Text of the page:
“The ongoing problem is that the collection of U.S. college loans in the main does not take into account people’s financial capacity to pay,” he said. “And until it does, until it becomes across-the-board income-contingent, you will face these problems forever.”
Income-contingent loans, Chapman said, do not penalize borrowers for being unemployed, going into a low-paying career, or taking time to be a caregiver. They make loan defaults rare. In the U.S., about one in four borrowers will default in the first five years of repayment.
Australia makes the income-contingent loan system a bit easier for borrowers than the U.S. does. Enrolling in the American income-driven repayment system can be complicated and time consuming, Chapman said. Several different plans are offered to borrowers, and a litany of paperwork is required. In Australia, on the other hand, income-contingent repayment is the only option.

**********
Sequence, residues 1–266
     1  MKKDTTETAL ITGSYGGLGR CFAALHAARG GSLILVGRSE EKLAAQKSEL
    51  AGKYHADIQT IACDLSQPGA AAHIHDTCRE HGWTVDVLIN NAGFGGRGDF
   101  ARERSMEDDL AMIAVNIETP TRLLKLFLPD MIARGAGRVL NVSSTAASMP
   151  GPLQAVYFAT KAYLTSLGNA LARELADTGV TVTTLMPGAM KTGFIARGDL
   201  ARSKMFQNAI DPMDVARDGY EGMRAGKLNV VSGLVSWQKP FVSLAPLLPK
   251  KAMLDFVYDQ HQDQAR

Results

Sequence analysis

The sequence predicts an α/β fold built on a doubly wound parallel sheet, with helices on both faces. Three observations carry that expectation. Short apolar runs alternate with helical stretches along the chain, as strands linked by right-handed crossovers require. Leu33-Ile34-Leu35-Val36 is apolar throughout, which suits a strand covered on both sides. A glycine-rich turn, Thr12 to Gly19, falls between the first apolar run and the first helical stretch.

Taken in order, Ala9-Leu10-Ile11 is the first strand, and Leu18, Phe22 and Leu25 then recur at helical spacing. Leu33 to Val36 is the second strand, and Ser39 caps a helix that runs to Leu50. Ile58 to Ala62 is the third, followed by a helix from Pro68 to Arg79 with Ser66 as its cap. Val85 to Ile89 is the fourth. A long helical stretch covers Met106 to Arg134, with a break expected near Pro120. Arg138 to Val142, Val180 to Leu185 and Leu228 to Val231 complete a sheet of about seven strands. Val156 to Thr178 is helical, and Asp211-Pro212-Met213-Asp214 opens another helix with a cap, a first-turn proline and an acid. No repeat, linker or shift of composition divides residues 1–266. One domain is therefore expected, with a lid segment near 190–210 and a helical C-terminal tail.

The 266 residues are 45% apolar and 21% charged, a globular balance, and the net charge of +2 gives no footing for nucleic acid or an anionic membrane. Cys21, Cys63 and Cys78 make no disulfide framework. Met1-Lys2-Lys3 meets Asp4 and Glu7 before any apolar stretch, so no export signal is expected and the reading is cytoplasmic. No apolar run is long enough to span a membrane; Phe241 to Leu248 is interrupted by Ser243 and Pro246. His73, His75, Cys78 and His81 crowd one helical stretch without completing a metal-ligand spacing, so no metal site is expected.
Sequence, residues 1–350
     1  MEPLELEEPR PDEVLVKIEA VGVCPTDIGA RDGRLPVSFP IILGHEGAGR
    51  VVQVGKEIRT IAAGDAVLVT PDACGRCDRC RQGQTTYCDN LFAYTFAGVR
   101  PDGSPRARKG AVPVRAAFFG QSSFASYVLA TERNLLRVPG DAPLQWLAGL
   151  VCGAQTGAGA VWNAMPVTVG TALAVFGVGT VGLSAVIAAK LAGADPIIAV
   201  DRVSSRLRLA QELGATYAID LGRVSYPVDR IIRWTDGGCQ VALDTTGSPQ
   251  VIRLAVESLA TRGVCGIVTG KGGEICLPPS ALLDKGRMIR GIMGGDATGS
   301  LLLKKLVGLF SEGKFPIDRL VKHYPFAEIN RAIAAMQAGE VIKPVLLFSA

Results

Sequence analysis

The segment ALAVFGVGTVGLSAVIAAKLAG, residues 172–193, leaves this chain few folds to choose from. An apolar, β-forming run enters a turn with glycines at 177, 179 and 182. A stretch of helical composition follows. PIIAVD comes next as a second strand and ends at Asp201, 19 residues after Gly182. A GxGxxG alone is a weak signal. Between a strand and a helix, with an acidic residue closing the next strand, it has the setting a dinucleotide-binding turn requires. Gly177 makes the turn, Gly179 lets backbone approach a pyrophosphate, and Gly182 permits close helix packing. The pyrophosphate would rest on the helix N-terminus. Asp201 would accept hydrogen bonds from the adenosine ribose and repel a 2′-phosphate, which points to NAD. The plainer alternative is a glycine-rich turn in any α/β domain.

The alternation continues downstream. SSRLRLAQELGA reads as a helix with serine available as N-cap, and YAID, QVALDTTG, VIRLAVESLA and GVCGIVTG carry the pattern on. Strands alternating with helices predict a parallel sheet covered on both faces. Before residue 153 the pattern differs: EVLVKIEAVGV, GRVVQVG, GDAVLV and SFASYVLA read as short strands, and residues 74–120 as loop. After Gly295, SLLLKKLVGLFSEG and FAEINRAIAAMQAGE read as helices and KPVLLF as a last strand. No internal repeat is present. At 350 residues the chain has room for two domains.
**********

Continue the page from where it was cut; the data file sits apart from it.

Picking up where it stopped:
One of the biggest challenges of the income-driven repayment system in the U.S. is its method of collecting debt and evaluating income, Chapman said. In Australia, loans are serviced through payroll withholding by one’s employer, similar to how the U.S. does income tax and Social Security withholding. That means the Australian system is more responsive to employment changes and less work for borrowers. In the U.S., the system uses the previous year’s income to determine one’s repayment burden.
In 2018, Chapman and three co-authors wrote a paper looking at lessons from the Australian and British systems for American college lending. It illustrated options for an income-contingent loan system stateside. But Chapman said it did not start the debate he hoped it would.
American policymakers would do well, he said, to look beyond their own borders.